When we last
left off, I was telling you about the big ultrasound scare. At six weeks pregnant, we could see a
heartbeat on the monitor, but the doctor feared it was too slow to be healthy. We returned two days later, braced for bad
news. “I don’t even have to count,” said
the doctor. “I can tell it’s just fine
sobs. I was so relieved and grateful that I
couldn’t stop shaking for, like, a full 10 minutes. I had to go splash water on my face so I
wouldn’t scare the people in the waiting room. We were having a baby! Maybe. Because the thing is, when you’re 43 and high
risk, you’re never really out of the woods.
A couple of
days later, I started spotting. I won’t
keep you in suspense again—it was nothing. These things just happen sometimes. But I was good and terrified there for a
while, and despite all the calming prenatal yoga I plan on doing and the
gentle, meditative walks I plan on taking, I’m sure I will continue to panic
until I’m full term.
When I was
pregnant with my daughter, I learned that making it through the first trimester
is only one hurdle. During my second
trimester, I was put on bed rest for an incompetent cervix (they were sure I’d
have a preemie due to preterm labor), and during my third trimester I found out
I had a mild form of gestational diabetes. Incredibly, it all worked out (life finds a way!) and I sincerely hope
it will again, but I’ve learned to brace myself for the unexpected.
I think the moral in all of our stories is that trying to conceive can really take its toll, physically and emotionally, but in the end, it’s worth it
allowing myself little joys, like thinking up baby names, and imagining my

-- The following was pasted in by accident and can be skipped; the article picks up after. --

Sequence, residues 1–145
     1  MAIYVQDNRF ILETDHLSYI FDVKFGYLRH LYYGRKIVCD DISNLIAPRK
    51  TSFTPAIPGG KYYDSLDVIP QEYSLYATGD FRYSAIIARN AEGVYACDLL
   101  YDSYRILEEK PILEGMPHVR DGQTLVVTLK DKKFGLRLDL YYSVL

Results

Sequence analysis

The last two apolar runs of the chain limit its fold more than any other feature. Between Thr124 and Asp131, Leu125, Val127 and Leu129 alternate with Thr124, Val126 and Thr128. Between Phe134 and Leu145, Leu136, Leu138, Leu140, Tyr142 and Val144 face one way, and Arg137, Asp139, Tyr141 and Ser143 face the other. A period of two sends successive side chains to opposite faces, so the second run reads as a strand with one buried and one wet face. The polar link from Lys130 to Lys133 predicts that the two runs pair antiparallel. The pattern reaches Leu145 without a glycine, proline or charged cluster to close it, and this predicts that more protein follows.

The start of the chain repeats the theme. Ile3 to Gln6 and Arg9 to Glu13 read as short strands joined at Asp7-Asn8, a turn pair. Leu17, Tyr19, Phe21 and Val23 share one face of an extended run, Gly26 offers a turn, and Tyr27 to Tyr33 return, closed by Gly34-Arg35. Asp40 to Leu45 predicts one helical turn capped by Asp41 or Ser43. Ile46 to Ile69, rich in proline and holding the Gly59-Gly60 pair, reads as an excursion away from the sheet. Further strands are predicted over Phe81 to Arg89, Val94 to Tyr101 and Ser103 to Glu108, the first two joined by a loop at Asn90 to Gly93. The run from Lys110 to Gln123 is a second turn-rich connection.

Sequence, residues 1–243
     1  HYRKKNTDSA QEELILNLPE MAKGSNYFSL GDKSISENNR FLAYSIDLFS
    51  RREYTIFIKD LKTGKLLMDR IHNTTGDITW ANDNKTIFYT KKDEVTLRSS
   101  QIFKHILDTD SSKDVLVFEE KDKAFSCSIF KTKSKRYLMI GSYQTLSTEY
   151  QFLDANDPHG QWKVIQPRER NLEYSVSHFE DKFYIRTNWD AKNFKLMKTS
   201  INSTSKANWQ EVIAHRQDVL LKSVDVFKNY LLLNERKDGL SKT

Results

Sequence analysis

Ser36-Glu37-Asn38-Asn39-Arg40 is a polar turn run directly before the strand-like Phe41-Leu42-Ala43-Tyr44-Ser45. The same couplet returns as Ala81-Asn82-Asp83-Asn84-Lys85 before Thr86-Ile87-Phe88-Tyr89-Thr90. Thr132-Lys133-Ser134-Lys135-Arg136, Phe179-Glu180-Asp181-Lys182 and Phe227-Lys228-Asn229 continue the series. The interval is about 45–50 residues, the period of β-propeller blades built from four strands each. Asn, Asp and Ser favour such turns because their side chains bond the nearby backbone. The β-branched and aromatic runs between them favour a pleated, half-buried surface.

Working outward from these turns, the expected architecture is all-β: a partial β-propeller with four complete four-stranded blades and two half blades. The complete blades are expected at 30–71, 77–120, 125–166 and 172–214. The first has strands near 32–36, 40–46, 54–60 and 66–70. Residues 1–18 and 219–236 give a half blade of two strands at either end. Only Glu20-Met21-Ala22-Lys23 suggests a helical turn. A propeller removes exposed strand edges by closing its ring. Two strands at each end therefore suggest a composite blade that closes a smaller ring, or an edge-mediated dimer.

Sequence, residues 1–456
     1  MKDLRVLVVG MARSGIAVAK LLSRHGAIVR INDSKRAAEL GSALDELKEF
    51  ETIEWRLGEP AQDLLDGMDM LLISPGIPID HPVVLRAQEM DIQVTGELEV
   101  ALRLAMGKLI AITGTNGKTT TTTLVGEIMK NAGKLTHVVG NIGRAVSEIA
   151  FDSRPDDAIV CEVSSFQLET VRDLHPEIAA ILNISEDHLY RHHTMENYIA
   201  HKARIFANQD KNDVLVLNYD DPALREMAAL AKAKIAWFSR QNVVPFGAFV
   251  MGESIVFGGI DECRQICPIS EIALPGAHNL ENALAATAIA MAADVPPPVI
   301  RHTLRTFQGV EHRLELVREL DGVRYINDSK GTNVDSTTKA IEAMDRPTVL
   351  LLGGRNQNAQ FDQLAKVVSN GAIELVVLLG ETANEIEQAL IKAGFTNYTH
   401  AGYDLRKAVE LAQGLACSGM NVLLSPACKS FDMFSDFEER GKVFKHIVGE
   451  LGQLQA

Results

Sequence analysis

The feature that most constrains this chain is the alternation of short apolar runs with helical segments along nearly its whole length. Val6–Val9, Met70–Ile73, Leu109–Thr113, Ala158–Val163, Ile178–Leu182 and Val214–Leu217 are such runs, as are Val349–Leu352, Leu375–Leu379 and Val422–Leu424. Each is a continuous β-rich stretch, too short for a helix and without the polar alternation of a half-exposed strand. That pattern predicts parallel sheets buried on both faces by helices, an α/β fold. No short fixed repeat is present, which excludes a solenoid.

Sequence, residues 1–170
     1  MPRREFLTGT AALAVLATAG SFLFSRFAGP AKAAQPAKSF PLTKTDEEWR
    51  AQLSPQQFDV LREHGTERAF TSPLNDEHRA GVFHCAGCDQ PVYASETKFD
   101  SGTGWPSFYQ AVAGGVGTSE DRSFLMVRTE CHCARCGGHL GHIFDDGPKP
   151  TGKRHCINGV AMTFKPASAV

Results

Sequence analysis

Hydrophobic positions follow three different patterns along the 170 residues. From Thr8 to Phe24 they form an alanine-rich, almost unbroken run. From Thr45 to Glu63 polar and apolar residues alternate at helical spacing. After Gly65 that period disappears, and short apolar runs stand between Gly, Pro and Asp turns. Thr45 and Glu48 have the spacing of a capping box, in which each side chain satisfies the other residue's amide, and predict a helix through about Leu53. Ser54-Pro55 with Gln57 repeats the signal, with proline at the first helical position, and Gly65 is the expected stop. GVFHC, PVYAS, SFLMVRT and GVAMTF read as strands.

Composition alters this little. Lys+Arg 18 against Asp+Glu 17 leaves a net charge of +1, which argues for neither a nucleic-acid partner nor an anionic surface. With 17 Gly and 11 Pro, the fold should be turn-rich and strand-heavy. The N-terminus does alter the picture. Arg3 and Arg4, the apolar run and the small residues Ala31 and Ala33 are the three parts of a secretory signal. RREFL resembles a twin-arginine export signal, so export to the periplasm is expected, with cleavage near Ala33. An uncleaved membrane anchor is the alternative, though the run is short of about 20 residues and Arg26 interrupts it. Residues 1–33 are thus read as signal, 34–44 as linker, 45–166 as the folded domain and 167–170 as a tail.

daughter’s face when I tell her she’s going to be a big sister. I’m mentally rearranging the nursery to
accommodate two kids. I’m digging out my
old maternity clothes because my belly has popped so early, like everyone warns
you it will the second time around.
incredibly lucky, which is a scary, fragile thing, but I’ll take it. After two and half years of trying to
conceive, I’ll never know why it worked this time. Was it the acupuncture? The wacky rhythmic foot tapping and warm
ginger baths the energy healer advised? Or was it giving away all my daughter’s baby things? That might have done it.
writing this conception diary, which has been fun and great therapy, but I’ll
continue to blog about my pregnancy elsewhere on Mom.me, so don’t be a
stranger. And I’ll keep rooting for Risa
and Rebekah, who share so bravely here every week.
I think the
moral in all of our stories is that trying to conceive can really take its
toll, physically and emotionally, but in the end, it’s worth it. There is no one right way to become a mother,
so don’t give up on your dreams. Luck and
baby dust to everyone.